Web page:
Posted by George Leef at 10:16 AM
Paul Krugman, economist turned propagandist, keeps cranking out NYT pieces that are meant to be picked up by leftist politicians to be used in their quest to get envy-ridden voters to support them.
Writing today on NRO Tom Nugent rips Krugman's latest piece to shreds. Most enjoyable.
Environmental Activists Powered by Bull****.
Posted by Geoff Lawrence at 09:37 AM
Customers in the great state of Vermont can do their part to help
save the planet by electing to have their electricity generated through
the burning of cow manure as opposed to coal-fire or other forms of power generation. Presumably, burning cow manure is environmentally preferable to traditional power plants. (Probably not true, but it's at least more costly and therefore may fulfill the activists' need for exclusivity). Just don't do it near my house.
High School Audits
Posted by Dr. Terry Stoops at 09:31 AM
Yesterday, Governor Easley announced that UNC-CH will receive a $300,000 grant to audit high school expenditures in all 115 school districts. The goal is to find a relationship between spending and student performance.
I doubt that the audit results will yield any new or useful information. Studies that attempt to find a link between spending and student performance usually find a weak or inconsistent relationship between the two. Regardless of this, the audit will be used to justify additional spending. What is truly curious about the audit is that both Easley and Judge Manning have crowned the New Schools Project (NSP) as the savior of low performing schools. Perhaps the audit is another push for NSP funding.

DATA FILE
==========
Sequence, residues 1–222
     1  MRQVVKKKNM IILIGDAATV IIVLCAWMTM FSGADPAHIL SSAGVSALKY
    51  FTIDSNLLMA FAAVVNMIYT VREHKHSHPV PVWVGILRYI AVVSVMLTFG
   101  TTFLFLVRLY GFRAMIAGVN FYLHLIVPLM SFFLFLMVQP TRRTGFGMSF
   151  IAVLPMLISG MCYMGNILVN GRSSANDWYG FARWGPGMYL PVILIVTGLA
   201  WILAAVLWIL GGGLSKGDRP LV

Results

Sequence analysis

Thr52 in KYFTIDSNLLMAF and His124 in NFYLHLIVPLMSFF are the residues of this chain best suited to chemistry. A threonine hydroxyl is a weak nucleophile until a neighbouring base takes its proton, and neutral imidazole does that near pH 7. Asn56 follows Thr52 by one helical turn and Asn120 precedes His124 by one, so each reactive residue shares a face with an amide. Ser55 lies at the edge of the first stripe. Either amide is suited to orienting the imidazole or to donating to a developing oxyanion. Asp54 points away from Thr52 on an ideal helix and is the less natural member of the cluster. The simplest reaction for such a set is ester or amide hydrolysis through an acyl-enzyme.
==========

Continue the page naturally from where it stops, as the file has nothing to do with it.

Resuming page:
You're Kidding, Right?
Posted by Lindalyn Kakadelis at 08:29 AM
OK, let me get this straight. The Wake County School Board passed a resolution (.pdf) “encouraging” the General Assembly to:
“Study the programs in the state’s charter schools and to determine if their financial and academic performance should warrant incrementally increasing the charter school cap in North Carolina state law.”Give me a break! How many more studies do they want? Do they think this kind of resolution will quell the arguments made during the bond debate in Wake County? This does nothing!!
I guess some must think moving from “never raising the cap” to “studying the schools” might be movement. Interesting, if the threat of a bond defeat provides “movement,” just imagine what DEFEATING the bonds could accomplish!
Shaw's status endangered
Posted by Paul Chesser at 08:15 AM
If Keith Ellison, the "Minnesota Muslim" running for Congress in that state's 5th District, wins as expected, he will become the nation's highest ranking elected follower of Islam -- surpassing North Carolina State Sen. Larry Shaw.
What would Basil Fawlty think?
Posted by Jon Ham at 07:39 AM
Basil Fawlty, the addled innkeeper in the British TV series "Fawlty Towers", treated his Spanish waiter, Manuel,
horribly. It was clear that Basil felt Spaniards were beneath Brits in
all respects. Imagine how he would react to the news that the Brits are
actually descended from Spaniards.
Not Really Mandatory
Posted by Dr. Terry Stoops at 07:35 AM
On WPTF early this morning, Wake County school board member Lori
Millberg said, in effect, that mandatory year round schools are not
really mandatory because parents have the choice to apply to another school.
Let’s see where this puts us on the Kubler-Ross model:
>1. Denial – mandatory year round is not really mandatory
2. Anger – parents do not know what they are talking about
3. Bargaining – ok parents, maybe we should talk about this
4. Depression – parents are not reelecting us or voting for the bond
5. Acceptance – the parents were right and we have failed them